The assassination yesterday of Benigno Aquino Jr. is likely to radicalize elements of the moderate Philippine opposition, strengthening the hand of leftist insurgents and possibly increasing pressure on President Ferdinand Marcos, according to exiled opposition representatives and foreign policy specialists.

"Our group's attitude toward this happening will be one of restraint of our emotions," said Renato Roxas, chairman of the U.S.-based Movement for a Free Philippines. "But it might be something that will create some bloodshed."

Most opposition leaders said they felt Marcos was responsible for the assassination, which occurred while Aquino was in the custody of government security forces at the Manila airport.

A Washington specialist, citing problems the assassination could cause for Marcos, said, however, "It's very hard to speculate on who is responsible." Among the difficulties he mentioned was the possibility of a political backlash.

Roxas' group is widely viewed as moderate--striving for democratic reform and pluralism through open elections. He said "some elements" of the movement will view Aquino's assassination as a signal that the government will not allow the moderate United Nationalist Democratic Organization--a coalition of opposition groups--to mount a fair challenge to Marcos in elections next year.

"At the moment there will be disillusionment and desperation," said Raul Manglapus, an exiled moderate opposition politician. "This could create a trend toward radicalization," the former senator added.

William Christeson, spokesman for the Friends of the Filipino People, said the assassination "signals a hard line for Marcos . . . . He is not going to tolerate opposition." Lacking an electoral avenue to institute democratic reforms, Christeson and other opposition figures say the moderates may have to turn to insurgency tactics.

"The moderates will now have to think of joining the armed struggle," said Charito Planas, who was imprisoned by Marcos under martial law and ran unsuccessfully with Aquino in 1978 elections. Planas, who left the Philippines in 1980 and refuses to label herself either a moderate or communist member of the opposition, said, "There is a realization for a need of a united front" of moderate and leftist opposition groups.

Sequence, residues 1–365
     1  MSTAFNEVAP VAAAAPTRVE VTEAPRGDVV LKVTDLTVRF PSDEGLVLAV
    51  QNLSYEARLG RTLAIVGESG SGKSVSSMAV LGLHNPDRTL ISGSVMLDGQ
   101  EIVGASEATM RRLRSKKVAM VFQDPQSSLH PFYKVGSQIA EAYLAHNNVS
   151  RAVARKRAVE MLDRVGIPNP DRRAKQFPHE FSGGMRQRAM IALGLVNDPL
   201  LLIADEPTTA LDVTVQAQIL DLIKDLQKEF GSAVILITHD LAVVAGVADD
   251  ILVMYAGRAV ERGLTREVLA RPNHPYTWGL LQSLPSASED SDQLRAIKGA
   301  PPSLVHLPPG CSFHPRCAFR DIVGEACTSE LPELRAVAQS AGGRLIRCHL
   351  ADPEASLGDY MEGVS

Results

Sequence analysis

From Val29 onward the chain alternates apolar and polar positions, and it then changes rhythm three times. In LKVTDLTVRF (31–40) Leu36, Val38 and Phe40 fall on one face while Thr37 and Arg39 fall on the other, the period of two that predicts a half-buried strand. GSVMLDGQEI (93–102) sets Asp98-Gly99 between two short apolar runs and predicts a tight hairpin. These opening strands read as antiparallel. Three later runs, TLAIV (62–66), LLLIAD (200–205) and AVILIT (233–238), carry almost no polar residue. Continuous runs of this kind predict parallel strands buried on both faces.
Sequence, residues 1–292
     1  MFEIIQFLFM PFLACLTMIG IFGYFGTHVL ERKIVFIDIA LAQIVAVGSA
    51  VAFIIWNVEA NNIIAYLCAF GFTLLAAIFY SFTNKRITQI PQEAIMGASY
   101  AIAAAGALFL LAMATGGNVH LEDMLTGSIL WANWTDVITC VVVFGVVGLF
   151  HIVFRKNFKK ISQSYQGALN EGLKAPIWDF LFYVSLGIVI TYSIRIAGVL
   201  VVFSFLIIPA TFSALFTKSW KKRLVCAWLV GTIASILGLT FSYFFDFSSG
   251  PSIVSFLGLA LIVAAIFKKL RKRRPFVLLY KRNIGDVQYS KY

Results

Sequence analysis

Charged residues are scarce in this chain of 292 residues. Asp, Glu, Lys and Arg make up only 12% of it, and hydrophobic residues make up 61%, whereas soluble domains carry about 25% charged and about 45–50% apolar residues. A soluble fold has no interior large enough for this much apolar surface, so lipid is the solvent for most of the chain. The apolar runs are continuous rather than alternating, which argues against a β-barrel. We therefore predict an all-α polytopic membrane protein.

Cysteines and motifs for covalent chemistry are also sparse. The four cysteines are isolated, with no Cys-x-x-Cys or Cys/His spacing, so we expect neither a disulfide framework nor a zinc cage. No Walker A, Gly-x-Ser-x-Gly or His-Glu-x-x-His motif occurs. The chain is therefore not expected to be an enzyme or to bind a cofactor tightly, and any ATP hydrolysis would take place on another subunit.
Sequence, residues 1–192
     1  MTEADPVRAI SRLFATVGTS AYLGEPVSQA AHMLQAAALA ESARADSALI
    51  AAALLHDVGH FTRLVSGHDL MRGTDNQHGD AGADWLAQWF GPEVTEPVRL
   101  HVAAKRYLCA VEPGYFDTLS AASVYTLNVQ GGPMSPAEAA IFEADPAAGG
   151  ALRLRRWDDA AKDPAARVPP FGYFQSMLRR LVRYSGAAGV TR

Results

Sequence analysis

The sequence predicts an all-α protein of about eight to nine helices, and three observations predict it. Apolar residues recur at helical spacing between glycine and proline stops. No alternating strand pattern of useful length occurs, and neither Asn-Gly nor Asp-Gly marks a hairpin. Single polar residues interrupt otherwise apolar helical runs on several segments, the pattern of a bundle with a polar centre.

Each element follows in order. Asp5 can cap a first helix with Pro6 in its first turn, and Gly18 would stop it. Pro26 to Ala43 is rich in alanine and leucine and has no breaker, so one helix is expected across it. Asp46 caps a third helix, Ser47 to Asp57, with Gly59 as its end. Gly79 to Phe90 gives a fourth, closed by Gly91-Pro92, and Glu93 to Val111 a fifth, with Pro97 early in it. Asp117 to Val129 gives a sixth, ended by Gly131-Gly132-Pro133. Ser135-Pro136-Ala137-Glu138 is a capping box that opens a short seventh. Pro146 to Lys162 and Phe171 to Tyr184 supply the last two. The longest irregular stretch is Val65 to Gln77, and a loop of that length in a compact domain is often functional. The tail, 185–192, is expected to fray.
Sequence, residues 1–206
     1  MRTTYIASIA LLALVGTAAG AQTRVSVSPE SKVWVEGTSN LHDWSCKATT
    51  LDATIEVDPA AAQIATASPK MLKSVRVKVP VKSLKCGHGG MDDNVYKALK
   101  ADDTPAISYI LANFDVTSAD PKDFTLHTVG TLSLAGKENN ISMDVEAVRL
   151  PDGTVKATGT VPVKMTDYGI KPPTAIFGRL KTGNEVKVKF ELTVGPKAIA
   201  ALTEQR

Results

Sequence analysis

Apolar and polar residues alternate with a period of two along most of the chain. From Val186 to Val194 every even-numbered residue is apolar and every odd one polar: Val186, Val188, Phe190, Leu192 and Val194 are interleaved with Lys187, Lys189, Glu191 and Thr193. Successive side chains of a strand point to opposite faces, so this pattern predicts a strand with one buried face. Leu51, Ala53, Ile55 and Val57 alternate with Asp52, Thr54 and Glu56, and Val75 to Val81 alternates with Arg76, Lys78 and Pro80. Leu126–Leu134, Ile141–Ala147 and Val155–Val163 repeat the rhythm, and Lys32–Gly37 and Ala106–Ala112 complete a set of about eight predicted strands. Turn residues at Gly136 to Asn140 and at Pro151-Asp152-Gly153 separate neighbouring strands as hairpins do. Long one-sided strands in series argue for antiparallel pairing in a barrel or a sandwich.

The leftist opposition, known as the National Democratic Front, consists of communist and noncommunist insurgents who have endorsed violent struggle as a means of overthrowing Marcos and instituting fundamental changes in the government. The communist-led military wing of the leftist opposition, called the New People's Army, operates mainly in the countryside and estimates of its strength vary from 5,000 to 10,000 members.

Although martial law, instituted in 1972, was lifted in 1981, Marcos retains what critics call authoritarian powers. His regime--supported by the U.S. government--has been criticized by such groups as Amnesty International for violating human rights, and currently the country is experiencing serious economic difficulties. The social and economic problems have bolstered the opposition movement, and the coming elections were viewed as a potential challenge to Marcos' party despite his broad powers.

The Rev. John Sebes, professor of Asian studies at Georgetown University, said the assassination "might endanger the future of Marcos' government." He called Aquino "the man who represented, in the eyes of the Filipinos, the resistance itself," adding that "the impact of this is incalculable."

An informed American observer of the Philippines said the assassination "leaves uncertainty in the opposition and uncertainty in the government." The foreign policy expert, who spoke on the condition that he not be named, said it was difficult to anticipate precisely what the opposition--or the government--will do in the near future. He said that much depends on "how the Marcos government handles the reaction." A crackdown on dissent, hinted at in a statement by Marcos after the killing, could lead to unpredictable results, he said.

However, some observers said the domestic political scene in the Philippines could be affected by international reaction. One opposition activist said, "The real big question is what the United States is going to do." Manglapus, the former senator, said the assassination "is an indication of how intolerable the situation has become." He and others expressed the hope that the United States and other countries would take note of rising troubles in the Philippines and ensure that fair elections are held and reforms instituted.

U.S. presidential candidate Walter Mondale called Aquino's death a "tragedy of major proportions," according to The Associated Press. The assassination, he said, "is bound to add further strength to the argument that the Marcos regime is oppressive, is a police state."

Rep. Stephen Solarz (D-N.Y.), who visited the Philippines last week, called the assassination a "dastardly deed," Reuter reported. Speaking in Bangkok, he said Aquino "represented one of the best hopes for a genuine democratic alternative in the Philippines."